They didn’t float! The river was so shallow they hit the bottom, even thought their draft was like two inches!

Oh well, it turned out to be not a paddle but a trudge. And – literally – a drag. But fun nonetheless!

I stared at the banks and the valley walls as I trudged. Soon yahoos would be racing outboard motors here. Soon this life and interesting variety all around us would be drowned forever.

Progress, they say. Not.

~~~oo0oo~~~

Africa, Birds & Birding, Family & Kids, Food, Motorcars_Automobiles, Travel Africa, Wildlife, Game Reserves

Nibela on Lake St Lucia

What luck! friends couldn’t make their timeshare for happy reasons (grandchild due) so we took over! With pleasure. Nibela is in prime Broadbill sand forest territory and I have dipped out on seeing a Broadbill, coming close a number of times, but no sighting. I was keen, so was Jess. Tom considered the fishing options and the food a la carte, but decided in the end that it was just too remote for a city slicker! ‘Enjoy your sticks and trees, Dad!’ he bid us farewell.

– chalet in sand forest overlooking Lake St Lucia –
– Nibela Sobhengu flowers –

Jess liked the place immediately. It had cellphone reception and DSTV. Also there was wifi at the main building. What was not to like?

– hey Dad, there’s DSTV! –

The food at the lodge was great. The one pork belly dish was the best I’ve had, and all their soups and veges were superbly done. We ate there three nights and I made supper one night.

– ’twas cordon red –

We searched for the African Broadbill, but no sign was seen or heard, so it remains on the wishlist. This is what its sand forest haunts look like, where it performs its little bird-of-paradise dance to get laid so an egg can get laid:

– Lucky at Nibela trying to call up broadbills – I soon put a stop to calling them – I’ll wait –

Lovely local specials we did see were Woodward’s Batis – a pair displaying and calling two metres away in a tree; Rudd’s Apalis; Purple-banded Sunbird; all good sightings and obligingly chirping as we watched. Narina Trogon, calling each day, but not seen; Heard but didn’t see a possible Neergard’s Sunbird. Two lovely bird parties popped up right in front of our chalet: One evening Dark-backed Weaver, Puffback, Golden-tailed Woodpecker, Yellow-bellied Greenbul, Terrestrial Brownbul, Yellow White-Eye and Southern Black Tit; The next morning Dark-backed Weaver, Puffback, Pink-throated Twinspot, duetting Southern Boubous, Square-tailed Drongo, Yellow-breasted Apalis and Collared Sunbird.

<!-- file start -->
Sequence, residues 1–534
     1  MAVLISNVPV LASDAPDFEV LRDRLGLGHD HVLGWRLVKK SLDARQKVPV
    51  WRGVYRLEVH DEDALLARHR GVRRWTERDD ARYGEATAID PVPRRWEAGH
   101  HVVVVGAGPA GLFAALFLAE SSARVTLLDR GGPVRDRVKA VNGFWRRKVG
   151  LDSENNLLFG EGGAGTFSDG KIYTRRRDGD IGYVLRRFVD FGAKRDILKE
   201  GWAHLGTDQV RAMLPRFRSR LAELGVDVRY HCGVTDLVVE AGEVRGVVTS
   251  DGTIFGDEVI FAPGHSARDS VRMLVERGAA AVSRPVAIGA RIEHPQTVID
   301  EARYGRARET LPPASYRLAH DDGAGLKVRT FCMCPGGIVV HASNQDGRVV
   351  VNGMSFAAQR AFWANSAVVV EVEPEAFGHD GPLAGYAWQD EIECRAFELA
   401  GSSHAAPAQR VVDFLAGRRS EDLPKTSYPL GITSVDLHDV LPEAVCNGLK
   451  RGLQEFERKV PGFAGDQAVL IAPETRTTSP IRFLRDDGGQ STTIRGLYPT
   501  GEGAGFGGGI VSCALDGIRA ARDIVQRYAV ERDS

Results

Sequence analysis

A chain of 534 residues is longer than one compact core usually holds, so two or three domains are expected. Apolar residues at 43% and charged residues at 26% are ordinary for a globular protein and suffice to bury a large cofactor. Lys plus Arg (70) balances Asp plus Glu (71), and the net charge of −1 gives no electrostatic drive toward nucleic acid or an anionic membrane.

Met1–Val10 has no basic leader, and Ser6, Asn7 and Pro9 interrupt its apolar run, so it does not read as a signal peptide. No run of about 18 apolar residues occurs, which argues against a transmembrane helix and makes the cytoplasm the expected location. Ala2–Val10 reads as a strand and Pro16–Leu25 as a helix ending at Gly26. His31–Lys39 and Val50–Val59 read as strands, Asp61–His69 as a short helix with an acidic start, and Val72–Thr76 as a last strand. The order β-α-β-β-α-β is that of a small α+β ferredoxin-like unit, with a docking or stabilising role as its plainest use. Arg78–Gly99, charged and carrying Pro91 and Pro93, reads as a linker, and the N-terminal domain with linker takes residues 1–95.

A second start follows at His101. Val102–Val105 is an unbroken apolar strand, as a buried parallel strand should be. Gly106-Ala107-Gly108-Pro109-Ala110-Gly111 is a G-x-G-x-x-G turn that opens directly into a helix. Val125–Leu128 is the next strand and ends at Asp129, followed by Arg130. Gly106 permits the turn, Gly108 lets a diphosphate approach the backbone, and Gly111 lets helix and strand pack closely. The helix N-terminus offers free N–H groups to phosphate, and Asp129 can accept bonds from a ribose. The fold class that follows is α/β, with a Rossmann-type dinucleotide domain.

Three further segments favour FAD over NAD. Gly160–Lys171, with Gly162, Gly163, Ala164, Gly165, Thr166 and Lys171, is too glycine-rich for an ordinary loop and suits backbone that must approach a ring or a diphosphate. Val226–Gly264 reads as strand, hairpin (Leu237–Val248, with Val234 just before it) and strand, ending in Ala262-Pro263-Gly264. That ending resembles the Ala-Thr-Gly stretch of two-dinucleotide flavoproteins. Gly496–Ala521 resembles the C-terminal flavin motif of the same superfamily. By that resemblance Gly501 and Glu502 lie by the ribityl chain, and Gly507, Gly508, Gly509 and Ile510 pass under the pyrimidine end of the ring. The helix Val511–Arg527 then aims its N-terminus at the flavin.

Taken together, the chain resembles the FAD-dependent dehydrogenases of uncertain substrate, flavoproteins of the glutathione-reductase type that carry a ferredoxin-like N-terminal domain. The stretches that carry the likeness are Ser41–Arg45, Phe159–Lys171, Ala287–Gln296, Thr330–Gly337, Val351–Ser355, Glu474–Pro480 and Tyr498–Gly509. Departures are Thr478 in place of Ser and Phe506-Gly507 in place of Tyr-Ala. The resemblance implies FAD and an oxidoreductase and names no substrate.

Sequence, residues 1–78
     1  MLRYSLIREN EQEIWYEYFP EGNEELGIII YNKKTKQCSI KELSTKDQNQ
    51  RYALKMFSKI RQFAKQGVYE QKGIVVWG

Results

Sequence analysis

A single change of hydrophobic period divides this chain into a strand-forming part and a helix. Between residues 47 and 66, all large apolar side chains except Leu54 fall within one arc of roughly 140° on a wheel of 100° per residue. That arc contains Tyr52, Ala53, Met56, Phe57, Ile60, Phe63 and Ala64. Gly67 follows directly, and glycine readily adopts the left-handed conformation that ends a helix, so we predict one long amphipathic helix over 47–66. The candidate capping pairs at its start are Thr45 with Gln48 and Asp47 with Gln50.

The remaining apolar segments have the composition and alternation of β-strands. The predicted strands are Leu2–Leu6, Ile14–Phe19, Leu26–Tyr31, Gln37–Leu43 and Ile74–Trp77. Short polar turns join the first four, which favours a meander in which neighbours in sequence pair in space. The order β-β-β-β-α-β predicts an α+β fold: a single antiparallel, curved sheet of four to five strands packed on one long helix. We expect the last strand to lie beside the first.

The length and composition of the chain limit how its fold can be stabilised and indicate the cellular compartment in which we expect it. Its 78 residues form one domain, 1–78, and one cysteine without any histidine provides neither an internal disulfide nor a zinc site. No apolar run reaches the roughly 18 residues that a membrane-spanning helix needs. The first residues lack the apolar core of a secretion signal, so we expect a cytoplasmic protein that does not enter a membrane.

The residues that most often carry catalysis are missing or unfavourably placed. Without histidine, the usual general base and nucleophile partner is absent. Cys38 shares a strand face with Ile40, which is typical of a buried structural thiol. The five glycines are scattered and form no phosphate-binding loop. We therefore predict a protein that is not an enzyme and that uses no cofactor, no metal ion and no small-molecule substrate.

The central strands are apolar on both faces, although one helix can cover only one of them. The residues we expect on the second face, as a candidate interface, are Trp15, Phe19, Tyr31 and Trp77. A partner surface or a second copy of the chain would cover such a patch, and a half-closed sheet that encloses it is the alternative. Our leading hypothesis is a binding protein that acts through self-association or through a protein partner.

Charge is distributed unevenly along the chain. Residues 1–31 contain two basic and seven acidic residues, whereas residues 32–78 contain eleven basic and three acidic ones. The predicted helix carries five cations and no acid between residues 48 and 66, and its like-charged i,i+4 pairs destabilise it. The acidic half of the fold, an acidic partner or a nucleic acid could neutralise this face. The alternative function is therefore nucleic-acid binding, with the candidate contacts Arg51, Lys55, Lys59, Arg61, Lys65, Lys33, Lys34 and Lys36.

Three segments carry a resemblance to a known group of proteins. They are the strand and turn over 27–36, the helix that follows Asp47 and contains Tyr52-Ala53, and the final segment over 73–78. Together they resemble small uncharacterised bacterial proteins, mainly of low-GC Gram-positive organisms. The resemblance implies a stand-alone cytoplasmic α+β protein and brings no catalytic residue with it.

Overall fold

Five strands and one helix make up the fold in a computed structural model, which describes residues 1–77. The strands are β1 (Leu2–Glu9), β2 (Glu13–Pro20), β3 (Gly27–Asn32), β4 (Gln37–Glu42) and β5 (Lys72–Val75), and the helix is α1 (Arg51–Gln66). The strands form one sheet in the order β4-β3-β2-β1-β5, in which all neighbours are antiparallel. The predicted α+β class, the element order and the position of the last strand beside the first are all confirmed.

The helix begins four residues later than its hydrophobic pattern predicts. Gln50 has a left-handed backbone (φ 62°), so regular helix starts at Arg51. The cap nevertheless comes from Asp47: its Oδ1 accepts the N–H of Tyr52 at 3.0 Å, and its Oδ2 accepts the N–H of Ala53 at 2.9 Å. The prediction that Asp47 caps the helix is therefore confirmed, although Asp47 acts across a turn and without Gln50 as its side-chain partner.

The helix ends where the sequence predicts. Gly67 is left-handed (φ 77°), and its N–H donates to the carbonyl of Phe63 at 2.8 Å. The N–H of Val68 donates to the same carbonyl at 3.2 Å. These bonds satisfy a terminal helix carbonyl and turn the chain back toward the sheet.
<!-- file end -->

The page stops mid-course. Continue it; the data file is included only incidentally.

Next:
Jessie’s Best Sighting:

In the grounds of the lodge Jess spotted something beautiful in a tree! Look! Dad! wifi! You didn’t even have go indoors to have wifi!

– wifi in the bush – a millennial’s delight –

A drive out to where the Mkhuze river flows into the lake brought back memories of my last trip there – by boat on a bird count with the game warden nearly forty years ago. Greater Flamingos, one Lesser Flamingo, White Pelicans, a Rosy-throated Longclaw, Common Ringed Plovers, Kittlitz’s Plovers, Stilts, Yellow-billed Ducks, Hottentot Teals and many more.

– where the Mkhuze flows into Lake St Lucia –

Pelicans fishing in a ‘laager’ – surrounding the fish then dipping in: Heads up – Bums up.

– White Pelicans fishing near the Mkhuze mouth into Lake St Lucia –

Lots of creatures:

Nibela Sobhengu creatures collage

~~~oo0oo~~~

Africa, Birds & Birding, Family & Kids

What’s In There, Dad?

Nephew Robbie must have wondered what the heck could be so interesting that Koos was always peering into that thing.

So he investigated.

Ten or fifteen years later, we re-enacted the scene.

The original was on their farm Umvoti Villa between Greytown and Kranskop on the Mispah road; the re-enactment was at Mangeni Falls where ‘Lord’ Chelmsford was arsing about while his men got killed at Isandlwana. Isandlwana has been the scene of many re-enactments, so this was quite appropriate!

It’s about ten years later again – time for another re-pete.

~~~oo0oo~~~

Top: Introducing daughter Jessie to the wonders of the ‘scope. Now she’s 21 and her response is ‘bo-oring!’